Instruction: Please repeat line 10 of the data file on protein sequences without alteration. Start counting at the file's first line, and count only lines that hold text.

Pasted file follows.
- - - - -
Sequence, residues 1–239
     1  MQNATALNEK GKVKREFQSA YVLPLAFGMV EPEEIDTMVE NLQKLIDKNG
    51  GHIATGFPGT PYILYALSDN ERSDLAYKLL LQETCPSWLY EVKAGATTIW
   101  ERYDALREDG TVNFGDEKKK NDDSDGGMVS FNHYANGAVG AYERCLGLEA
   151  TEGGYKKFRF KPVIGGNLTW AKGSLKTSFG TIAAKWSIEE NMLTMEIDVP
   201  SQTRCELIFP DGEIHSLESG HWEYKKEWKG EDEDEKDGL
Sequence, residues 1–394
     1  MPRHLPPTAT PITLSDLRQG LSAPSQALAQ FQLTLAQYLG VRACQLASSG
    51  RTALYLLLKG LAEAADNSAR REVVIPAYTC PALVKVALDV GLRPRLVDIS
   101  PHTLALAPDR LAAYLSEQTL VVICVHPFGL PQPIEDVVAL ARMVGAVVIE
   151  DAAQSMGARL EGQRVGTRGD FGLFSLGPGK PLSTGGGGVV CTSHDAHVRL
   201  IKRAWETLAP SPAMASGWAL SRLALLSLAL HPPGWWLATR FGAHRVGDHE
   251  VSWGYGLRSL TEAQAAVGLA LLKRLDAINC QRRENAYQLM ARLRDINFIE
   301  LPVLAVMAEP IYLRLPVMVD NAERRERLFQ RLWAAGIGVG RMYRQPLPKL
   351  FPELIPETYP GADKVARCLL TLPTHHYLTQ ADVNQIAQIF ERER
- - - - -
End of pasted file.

   101  PHTLALAPDR LAAYLSEQTL VVICVHPFGL PQPIEDVVAL ARMVGAVVIE